"It was used for beating the bounds – walking around the city walls demarcating the boundaries of Exeter in the 17th century," Margaret tells me. "We're interested in the ways instruments are used for defining sonic boundaries."

a display case with a metal cello in it

© Richard Moss / Culture24

They are, it seems, interested in many things at the Horniman, and the music collection is ever growing, changing and diversifying.

Margaret recently returned from the Punjab, and in the 1990s she travelled to the republics of the former Soviet Union to research, film and collect instruments.

Within the busy cases, discreet film screens flicker and buzz with an assortment of films made during these ethnomusicological trips.

I watch African dances, Uzbek weddings, instrument making and concert footage. Stylishly designed directional speakers in the ceiling – like 1930s tin lampshades – contain and direct the music, eliminating cacophony.

"The films and sounds are important because they show instruments that appear simple are played in the most sophisticated ways to produce the most expressive kind of music and a variety of different sounds," says Margaret.

"In the late 1950s (curator) Jean Jenkins collected very widely in different countries and made recordings – she steered the collection towards Africa and Asia and collecting from musicians and musical makers, which is what we do now. We film, record and collect with anthropologists and with ethnomusicologists.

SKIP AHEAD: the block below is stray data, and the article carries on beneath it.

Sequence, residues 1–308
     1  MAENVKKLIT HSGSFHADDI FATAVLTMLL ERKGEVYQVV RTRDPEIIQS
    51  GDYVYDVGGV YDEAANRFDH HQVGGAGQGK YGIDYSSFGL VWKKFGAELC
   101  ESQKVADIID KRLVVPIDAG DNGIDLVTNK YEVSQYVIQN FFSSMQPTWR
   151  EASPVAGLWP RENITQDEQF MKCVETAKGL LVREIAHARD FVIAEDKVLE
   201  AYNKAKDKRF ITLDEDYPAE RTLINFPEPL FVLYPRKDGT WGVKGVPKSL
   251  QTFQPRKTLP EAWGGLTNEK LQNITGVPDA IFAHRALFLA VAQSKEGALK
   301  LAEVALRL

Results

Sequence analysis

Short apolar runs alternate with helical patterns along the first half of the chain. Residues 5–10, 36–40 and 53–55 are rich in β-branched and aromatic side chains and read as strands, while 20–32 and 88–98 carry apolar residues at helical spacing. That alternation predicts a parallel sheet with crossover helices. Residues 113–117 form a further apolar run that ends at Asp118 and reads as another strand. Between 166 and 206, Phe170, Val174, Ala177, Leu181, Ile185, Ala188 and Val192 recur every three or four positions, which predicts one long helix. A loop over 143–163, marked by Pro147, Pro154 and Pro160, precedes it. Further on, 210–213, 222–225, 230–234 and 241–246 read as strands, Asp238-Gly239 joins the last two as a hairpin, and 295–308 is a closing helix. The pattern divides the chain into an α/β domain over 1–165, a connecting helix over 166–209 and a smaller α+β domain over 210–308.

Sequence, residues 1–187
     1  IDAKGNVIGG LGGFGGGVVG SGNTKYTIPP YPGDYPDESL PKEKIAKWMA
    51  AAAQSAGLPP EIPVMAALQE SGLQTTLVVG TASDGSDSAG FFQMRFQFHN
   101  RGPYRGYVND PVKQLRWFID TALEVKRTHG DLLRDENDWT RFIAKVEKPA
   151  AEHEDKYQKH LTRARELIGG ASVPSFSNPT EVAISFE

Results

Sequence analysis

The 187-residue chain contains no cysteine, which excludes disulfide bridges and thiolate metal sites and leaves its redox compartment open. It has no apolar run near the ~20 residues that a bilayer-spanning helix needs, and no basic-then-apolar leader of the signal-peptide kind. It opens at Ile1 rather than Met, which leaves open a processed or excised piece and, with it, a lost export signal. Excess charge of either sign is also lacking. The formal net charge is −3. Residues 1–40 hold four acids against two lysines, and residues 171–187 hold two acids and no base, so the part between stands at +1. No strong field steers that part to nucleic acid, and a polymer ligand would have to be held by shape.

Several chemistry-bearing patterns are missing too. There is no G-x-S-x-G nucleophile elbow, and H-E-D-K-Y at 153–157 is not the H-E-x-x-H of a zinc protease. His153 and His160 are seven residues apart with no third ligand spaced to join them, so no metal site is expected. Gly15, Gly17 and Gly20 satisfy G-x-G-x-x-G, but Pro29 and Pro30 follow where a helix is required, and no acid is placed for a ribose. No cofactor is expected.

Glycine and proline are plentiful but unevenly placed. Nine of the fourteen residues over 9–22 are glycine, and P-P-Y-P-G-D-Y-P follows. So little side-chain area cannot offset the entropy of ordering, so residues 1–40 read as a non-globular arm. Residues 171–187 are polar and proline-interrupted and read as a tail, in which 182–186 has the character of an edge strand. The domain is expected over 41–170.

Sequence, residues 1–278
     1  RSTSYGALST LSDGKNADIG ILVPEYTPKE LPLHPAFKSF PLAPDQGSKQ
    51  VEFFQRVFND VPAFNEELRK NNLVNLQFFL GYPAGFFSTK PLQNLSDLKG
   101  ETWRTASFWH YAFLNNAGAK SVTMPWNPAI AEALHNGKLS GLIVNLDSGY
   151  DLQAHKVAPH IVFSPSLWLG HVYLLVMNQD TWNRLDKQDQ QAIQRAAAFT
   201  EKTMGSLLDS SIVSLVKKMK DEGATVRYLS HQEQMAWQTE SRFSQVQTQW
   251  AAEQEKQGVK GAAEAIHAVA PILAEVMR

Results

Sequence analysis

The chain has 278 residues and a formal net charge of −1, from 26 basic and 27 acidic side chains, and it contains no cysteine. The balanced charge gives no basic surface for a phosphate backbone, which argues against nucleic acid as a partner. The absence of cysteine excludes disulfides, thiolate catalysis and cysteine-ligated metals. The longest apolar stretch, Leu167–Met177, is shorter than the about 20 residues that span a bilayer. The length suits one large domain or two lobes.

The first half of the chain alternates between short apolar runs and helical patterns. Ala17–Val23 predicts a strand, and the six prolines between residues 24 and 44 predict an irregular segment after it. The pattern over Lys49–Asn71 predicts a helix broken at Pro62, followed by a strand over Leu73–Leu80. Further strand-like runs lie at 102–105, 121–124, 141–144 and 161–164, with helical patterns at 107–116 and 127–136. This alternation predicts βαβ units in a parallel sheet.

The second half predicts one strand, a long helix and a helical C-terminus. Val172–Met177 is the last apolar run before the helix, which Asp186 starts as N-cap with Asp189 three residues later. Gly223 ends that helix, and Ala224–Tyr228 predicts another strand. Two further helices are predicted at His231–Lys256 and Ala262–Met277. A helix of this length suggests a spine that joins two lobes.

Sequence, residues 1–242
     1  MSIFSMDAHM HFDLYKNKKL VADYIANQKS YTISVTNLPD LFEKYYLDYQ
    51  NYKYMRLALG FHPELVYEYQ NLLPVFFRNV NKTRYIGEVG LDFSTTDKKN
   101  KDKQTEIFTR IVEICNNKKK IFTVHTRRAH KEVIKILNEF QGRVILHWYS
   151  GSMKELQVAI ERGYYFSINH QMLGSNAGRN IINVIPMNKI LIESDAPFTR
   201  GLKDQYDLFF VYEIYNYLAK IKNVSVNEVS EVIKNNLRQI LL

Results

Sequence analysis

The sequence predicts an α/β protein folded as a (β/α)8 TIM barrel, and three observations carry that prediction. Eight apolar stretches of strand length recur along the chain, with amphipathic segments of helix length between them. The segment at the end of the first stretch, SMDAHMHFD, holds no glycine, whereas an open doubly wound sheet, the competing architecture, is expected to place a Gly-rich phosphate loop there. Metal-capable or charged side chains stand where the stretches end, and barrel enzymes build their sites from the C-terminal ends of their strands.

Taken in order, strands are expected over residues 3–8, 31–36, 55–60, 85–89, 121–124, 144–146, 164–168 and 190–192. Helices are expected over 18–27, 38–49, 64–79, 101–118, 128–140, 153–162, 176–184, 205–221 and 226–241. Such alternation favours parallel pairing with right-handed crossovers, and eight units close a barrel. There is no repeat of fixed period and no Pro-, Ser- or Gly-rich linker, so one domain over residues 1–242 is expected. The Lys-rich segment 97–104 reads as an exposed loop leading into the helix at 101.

"We always try to capture video recordings showing the performance techniques of these instruments and the repertoire and cultural context of the performance."

An impressive display of drums and brasswind instruments, inlcudes vast trumpets. We watch the accompanying video showing them being played in a wedding procession in Uzbekistan. The musicians seem to be attempting to blow down the walls of Jericho.

This run of displays also integrates plenty of material from the museum's other Designated collection – the anthropological holding.

"While I was collecting instruments in Uzbekistan, my colleague Ken Teague in the anthropology department was acquiring a beautiful brocade jacket worn by the groom, and the bride's dress, and an ikat silk bride's dress. We put it in the showcase as well as the instruments," she explains.

a photograph of a display case with an ornately decoarted African lute

© Richard Moss / Culture24

We move on to a selection of bata drums played in Nigeria amongst Yoruba communities in naming ceremonies. "It's an enactment of the Yoruba creation myth," explains Margaret as we watch a video and listen to beating drums in which the rhythms interlock hypnotically.

Nearby are two horns made from ivory tusks. "When they were played there was this idea that the elephant was singing the praises of the King," she says. "They were used to imitate speech rhythms in tonal languages – rather like talking drums."